Obtaining DNA from blood for large-scale studies can require large amounts of blood, special storage considerations, and may be limited by the need for trained personnel to obtain the sample. The invasiveness of blood-collection methods can limit voluntary participation of subjects, and there may also be cultural barriers to the procedures. Alternatively, DNA can be collected from cheek swabs. Buccal cells offer a simple and inexpensive alternative collection method ideal for large-scale population studies because it can be self-collected and would allow simpler collection and sample handling in the physician's office. However, buccal cells have found limited utility because of the significant variation in yield and quality of the DNA obtained (Harty et al. 2000). Finally, buccal swabs would also be an ideal mode of sample collection for newborn screening because of the limited availability of infant blood. Alternatively, a method for DNA sample collection from very small blood samples would be useful, as this is readily obtained even from neonates by finger stick or heel prick.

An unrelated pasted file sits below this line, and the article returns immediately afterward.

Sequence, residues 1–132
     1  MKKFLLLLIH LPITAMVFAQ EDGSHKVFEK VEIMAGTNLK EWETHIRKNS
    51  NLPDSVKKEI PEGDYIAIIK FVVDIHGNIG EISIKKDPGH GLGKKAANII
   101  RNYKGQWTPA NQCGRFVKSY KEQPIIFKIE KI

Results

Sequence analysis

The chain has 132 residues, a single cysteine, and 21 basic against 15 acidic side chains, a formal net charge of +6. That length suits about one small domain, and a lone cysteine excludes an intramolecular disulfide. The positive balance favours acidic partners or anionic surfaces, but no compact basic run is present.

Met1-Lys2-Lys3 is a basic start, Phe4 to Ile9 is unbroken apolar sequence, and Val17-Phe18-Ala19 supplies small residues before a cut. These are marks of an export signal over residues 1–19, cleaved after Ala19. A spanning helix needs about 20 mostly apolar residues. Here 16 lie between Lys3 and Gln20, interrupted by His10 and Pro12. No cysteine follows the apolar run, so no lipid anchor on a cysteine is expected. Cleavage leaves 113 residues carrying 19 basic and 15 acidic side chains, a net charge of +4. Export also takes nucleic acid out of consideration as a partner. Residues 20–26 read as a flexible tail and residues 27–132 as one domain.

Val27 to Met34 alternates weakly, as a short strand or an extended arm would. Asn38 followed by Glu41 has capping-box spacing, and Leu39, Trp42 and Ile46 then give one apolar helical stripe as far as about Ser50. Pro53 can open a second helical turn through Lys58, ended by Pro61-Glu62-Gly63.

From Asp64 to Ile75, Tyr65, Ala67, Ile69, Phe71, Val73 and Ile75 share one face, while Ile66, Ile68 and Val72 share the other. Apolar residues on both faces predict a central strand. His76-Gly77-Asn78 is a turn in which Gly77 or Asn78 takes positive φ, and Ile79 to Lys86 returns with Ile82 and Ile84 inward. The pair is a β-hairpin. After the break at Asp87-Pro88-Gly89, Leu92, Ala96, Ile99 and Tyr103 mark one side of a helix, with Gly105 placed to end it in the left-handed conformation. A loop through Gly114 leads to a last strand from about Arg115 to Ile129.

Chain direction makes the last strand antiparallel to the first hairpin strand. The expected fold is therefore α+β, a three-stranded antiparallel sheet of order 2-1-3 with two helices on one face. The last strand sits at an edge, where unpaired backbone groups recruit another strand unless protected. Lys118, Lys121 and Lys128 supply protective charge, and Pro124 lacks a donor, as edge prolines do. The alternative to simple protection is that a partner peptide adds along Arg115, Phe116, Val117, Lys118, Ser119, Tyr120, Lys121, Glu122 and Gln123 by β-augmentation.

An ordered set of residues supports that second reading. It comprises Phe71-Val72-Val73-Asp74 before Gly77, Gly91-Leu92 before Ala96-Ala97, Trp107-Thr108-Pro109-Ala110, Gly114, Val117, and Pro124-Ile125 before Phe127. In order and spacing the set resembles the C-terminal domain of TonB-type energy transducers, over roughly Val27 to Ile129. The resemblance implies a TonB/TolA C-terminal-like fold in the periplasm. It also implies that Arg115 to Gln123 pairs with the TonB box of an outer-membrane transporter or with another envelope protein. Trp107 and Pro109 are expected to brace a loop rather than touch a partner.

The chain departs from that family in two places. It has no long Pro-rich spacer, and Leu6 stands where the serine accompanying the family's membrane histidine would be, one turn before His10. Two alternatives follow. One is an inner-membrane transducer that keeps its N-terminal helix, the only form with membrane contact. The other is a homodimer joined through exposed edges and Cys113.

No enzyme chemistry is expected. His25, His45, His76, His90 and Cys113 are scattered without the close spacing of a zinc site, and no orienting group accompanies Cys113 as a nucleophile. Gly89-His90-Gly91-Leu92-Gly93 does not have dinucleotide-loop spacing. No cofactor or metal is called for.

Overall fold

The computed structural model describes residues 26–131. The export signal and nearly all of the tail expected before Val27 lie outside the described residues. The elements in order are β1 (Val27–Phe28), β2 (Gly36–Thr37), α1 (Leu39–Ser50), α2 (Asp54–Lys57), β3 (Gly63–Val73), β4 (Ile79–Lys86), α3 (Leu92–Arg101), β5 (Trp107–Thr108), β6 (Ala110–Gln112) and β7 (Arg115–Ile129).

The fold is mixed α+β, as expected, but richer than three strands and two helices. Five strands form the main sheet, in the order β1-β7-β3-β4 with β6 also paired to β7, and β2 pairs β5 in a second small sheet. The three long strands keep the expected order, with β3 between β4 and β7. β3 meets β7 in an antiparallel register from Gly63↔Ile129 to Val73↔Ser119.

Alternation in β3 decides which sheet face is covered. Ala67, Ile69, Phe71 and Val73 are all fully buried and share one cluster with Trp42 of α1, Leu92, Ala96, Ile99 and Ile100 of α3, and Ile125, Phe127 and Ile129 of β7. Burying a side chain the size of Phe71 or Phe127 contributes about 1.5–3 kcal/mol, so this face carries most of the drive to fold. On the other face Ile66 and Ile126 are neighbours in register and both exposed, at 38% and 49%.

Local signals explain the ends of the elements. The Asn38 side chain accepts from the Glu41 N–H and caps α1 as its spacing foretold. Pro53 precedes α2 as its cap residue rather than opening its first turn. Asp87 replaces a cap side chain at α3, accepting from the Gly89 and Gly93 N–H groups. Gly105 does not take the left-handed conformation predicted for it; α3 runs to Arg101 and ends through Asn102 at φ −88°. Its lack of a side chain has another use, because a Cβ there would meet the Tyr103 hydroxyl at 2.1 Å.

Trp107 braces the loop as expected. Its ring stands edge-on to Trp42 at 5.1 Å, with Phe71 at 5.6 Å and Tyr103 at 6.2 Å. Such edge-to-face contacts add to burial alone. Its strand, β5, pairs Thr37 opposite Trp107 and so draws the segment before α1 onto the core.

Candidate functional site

Whole-genome amplification can generate a large amount of DNA directly from small cell samples as an alternative to DNA extraction and purification methods. Multiple Displacement Amplification (MDA) uses the [var phi]29 DNA polymerase and random primers to amplify the entire genome (Dean et al. 2002). We have previously shown that phosphorothioate modification of primers dramatically stimulates the MDA reaction allowing amplifications of 104- to 106-fold (Dean et al. 2001). The phosphorothioate nucleotides protect primers from degradation by the 3′–5′ exonuclease proofreading activity of the [var phi]29 DNA polymerase. The presence of an associated proofreading activity with the [var phi]29 polymerase ensures high-fidelity amplification with an error rate of only 3 × 10−6 (in mutations/nucleotide) in the amplified DNA (Nelson et al. 2002), compared with ~1 × 10−3 generated by Taq DNA polymerase in a PCR reaction (Dunning et al. 1988; Saiki et al. 1988).